If the cyst is pressing on a nerve, then a numbness or tingling sensation may be present as well. In this case, it is strongly advised to seek out a doctor.
If a cyst is restricting blood flow, it could seriously impair mobility to your fingers or hand.
Visiting a Doctor About Ganglion Cysts
So, you have noticed a lump on top of your foot and run off to the doctor with a ‘what the heck?’ expression.
They’ve made you sit on an exam bed, the paper-ish covering crackling under your butt, and are making hmm and aah noises as they poke this weird lump on your foot. In this case, don’t panic.
Diagnosing a ganglion cyst is a pretty simple process. There will be the initial physical examination, in which the doctor will gently feel the lump to determine what the next step will be.
If the cyst is soft, your doctor may use a syringe to draw a portion of the cyst fluid out for a lookie-loo. If the cyst is hard or really small, an ultrasound will be in order.
Sometimes, doctors will bypass the syringe altogether and go straight for an ultrasound to get a good look at the cyst.
Depending on the location of the cyst, and your own personal decision, you may move forward with one of the treatments below.
Ganglion Cyst Treatments
Cysts can sometimes require surgery for draining or removal. Ganglion cysts are typically only treated with surgery when they are large, restricting mobility, very painful, or pressing on a nerve or artery. Otherwise, they are left to less drastic treatments.
You may not even need treatment at all! Ganglion cysts are known for disappearing and reappearing on a whim.
Unless the cyst is severely impairing mobility or causing pain, most doctors will prefer to wait and see if the cyst goes down in size before breaking out the scalpel.
There is one exception to this. Ganglion cysts on the feet often require surgery for removal, simply due to how much pressure the feet have to deal with every day.
Cysts, if placed under constant or repeated pressure, can burst or become inflamed. Cysts that have gone to this level can cause a lot of pain. No one wants that – so if you notice a lump growing on your foot or ankle, see your GP sooner rather than later.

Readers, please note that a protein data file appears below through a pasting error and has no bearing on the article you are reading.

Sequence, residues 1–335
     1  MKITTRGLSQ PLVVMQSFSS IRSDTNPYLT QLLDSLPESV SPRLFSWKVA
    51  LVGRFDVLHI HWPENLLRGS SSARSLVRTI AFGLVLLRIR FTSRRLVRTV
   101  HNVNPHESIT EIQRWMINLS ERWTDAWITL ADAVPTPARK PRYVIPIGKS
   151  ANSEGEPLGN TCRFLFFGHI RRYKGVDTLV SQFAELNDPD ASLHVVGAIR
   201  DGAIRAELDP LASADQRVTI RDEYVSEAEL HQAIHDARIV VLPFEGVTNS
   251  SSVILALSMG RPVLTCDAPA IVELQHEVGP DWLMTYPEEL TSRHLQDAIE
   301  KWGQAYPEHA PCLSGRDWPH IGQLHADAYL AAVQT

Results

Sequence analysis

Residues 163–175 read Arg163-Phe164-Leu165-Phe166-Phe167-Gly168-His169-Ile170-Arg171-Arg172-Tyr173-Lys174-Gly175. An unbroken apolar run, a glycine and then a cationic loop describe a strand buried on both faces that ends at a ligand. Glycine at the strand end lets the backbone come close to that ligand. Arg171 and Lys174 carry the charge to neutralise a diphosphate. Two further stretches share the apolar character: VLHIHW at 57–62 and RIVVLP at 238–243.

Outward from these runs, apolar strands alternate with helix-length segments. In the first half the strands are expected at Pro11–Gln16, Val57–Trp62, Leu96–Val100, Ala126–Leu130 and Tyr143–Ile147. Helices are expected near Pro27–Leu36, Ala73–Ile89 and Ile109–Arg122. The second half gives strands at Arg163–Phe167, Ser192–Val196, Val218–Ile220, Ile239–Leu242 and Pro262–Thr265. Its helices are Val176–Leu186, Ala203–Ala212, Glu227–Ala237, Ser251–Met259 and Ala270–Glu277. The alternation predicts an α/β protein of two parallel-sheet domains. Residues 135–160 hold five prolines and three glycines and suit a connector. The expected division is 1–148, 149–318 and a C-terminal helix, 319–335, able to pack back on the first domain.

A lump on top of the foot can be incredibly uncomfortable. It makes wearing most types of footwear difficult, and can really put a hamper in day to day activities.
For this reason, and to prevent the cyst from swelling in size, surgery is the first and last form of treatment for ganglion cysts on the feet.
Surgery for cyst removal is pretty simple. It is important to know that there is always a chance that the cyst will return – even after a successful surgery. This is purely because of the nature of the blighted things.
Now, if surgery is not necessary and you decide to move forward with a treatment to get rid of the cyst, there is only really one option apart from the old ‘wait and see’ approach…
Anyone that is squeamish about needles may not be too happy with this treatment. Aspiration is the method where the thick liquid within the cyst is drawn out with a needle.
Depending on the size of the cyst, and whether or not aspiration works the first time, multiple draining sessions may be needed. As many as three or more sessions could be required, in fact.
Aspiration can be a tiresome treatment but is the only effective means of excising a cyst without the use of surgery.
Here’s a video showing an example of the process.
This can be an uncomfortable treatment, and will often require injection of an anti-inflammatory to prevent swelling, as well as wearing a brace to immobilize the joint.
In order to prevent the cyst from becoming stressed, immobilizing the affected joint is an effective way of coaxing the ganglion cyst to shrink in size. This may mean taping, splinting, or bracing the joint to minimize strain and movement.
Should you know the proper way to brace a joint, then you can use this method to shrink ganglion cysts down yourself. It is important to remember, though, that if the cyst does hurt, presses on a nerve, or impairs your mobility, you should seek out a doctor.
Ganglions cysts are harmless sacs of fluid that can grow on the hands and feet. While they can cause some pain and inhibit mobility, they are non-cancerous and easily treated.
Have you ever found a weird bump growing on your foot? It is more than likely a ganglion cyst. Don’t freak out! Just head over to your doctor and get them to look at it. It’s as simple as that!